In Annals Read describes a number of incidents, including the capture of a German who, in civilian life, was a professor of Germanic philology. He talked about how although many wanted just to walk home and let the politicians sort it out, there was no room for individual initiative. Even so, he claims he never, with one exception, deliberately sought to kill an individual, and he describes an incident late in the war.

In April, 1918, when on a daylight ‘contact’ patrol with two of my men, we suddenly confronted, round some mound or excavation, a German patrol of the same strength. We were perhaps twenty yards from each other, fully visible. I waved a weary hand, as if to say: What is the use of killing each other? The German officer seemed to understand, and both parties turned and made their way back to their own trenches. Reprehensible conduct, no doubt, but in April, 1918, the war-weariness of the infantry was stronger than its pugnacity, on both sides of the line (153-154).

What Read seems to have valued most in the War was a sense of comradeship.

As the war developed, I found in my fellow officers a rough equivalent of the society of a university, but more diverse, and deepened and concentrated by the common sharing of dangerous purposes. I had such friends then as I have never had before or since—friends with whom one lived in a complete communal bond of thoughts as well as goods. When peace came, and the bond was deserted, we drifted apart, back to the alien ways of our different social levels, our difference environments and careers. Perhaps most significantly, we lost our masculine exclusiveness (156).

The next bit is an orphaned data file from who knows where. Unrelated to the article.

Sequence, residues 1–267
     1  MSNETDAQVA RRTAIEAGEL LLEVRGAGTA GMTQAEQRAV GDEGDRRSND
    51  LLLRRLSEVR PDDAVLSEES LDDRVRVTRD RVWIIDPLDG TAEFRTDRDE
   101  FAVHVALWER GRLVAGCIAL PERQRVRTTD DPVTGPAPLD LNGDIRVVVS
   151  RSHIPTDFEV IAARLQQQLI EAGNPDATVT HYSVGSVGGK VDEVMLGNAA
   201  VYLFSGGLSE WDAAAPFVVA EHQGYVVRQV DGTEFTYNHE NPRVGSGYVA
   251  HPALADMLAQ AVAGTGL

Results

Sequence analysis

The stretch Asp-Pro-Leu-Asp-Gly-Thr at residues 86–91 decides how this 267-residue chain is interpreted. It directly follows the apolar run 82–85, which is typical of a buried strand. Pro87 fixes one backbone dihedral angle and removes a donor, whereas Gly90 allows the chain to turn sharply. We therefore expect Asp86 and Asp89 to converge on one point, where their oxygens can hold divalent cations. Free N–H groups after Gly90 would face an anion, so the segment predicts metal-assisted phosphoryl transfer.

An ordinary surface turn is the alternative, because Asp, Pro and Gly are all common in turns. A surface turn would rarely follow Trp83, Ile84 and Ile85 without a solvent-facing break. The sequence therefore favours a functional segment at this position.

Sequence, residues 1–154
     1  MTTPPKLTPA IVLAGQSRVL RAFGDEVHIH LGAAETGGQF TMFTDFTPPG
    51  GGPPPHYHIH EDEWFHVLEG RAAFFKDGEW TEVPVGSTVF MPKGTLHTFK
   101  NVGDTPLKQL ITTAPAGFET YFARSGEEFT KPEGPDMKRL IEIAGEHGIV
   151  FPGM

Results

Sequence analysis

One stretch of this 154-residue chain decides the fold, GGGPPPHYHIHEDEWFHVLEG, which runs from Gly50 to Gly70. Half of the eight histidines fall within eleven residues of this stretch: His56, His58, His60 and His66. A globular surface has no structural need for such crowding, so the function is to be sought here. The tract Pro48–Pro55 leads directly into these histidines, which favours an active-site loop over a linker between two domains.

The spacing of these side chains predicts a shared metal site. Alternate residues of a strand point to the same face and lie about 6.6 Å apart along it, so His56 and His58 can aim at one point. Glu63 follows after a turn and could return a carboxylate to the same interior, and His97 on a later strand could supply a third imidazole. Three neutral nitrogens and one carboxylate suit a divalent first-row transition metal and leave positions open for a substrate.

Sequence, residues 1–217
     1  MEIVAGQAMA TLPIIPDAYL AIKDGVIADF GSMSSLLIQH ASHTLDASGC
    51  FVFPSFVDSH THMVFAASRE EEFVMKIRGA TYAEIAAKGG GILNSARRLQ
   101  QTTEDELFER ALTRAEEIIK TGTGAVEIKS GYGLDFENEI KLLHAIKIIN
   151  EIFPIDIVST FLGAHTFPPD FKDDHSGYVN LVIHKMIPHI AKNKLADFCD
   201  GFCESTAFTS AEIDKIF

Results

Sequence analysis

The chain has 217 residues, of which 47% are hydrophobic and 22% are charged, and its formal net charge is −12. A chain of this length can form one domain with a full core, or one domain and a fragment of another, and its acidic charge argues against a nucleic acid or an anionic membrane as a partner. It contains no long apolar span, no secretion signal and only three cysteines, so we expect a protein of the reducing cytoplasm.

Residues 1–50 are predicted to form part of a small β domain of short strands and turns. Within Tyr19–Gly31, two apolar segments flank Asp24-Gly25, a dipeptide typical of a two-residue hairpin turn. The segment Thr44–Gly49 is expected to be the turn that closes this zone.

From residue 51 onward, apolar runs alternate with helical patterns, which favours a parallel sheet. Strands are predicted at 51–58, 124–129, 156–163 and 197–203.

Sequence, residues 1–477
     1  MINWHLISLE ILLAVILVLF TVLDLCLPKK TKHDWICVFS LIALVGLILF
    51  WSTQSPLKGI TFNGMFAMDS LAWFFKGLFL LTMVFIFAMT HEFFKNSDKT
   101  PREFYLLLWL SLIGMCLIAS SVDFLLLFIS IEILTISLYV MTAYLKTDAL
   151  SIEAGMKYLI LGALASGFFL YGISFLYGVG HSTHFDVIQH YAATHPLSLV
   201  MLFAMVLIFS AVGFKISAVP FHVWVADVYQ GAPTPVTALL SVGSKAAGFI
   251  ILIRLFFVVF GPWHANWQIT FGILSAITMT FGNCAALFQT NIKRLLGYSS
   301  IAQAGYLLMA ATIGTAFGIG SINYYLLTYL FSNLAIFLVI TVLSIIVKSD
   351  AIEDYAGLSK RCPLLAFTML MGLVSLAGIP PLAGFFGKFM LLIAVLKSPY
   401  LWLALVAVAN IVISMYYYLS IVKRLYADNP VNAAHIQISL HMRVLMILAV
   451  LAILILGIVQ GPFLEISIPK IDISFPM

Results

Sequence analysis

But Read found his relationships with the rank and file more broadening. He was in his early twenties, and in charge of sixty or more men, often older and more experienced. The relationship was most lie that of a priest to his parish, Read decided: the company officer was a medium of communication with higher authority, both the ear and the voice of his group. The intimacy that officers would have with their men (except for social misfits or snobs) would, Read hoped, lead to some new social movement after the war. But “we left the war as we entered it: dazed, indifferent, incapable of any creative action. We had acquired only one new quality: exhaustion” (157).

Read’s youngest brother, who had filled him into the Green Howards and has served on the Italian Front, died of a bullet shot in the closing stages of the war. “My grief was too violent to tolerate sympathy or consolation. I walked about blinded with tears” (158).

When the Armistice came, a month later, I had no feelings, except possibly of self-congratulation. By then I had been sent to dreary barracks on the outskirts of Canterbury. There were misty fields around us, and perhaps a pealing bell to celebrate our victory. But my heart was numb and my mind dismayed: I turned to the fields and walked away from all human contacts (159).

So far I have just used Annals of Innocence and Experience; I will add more from Read’s writings later.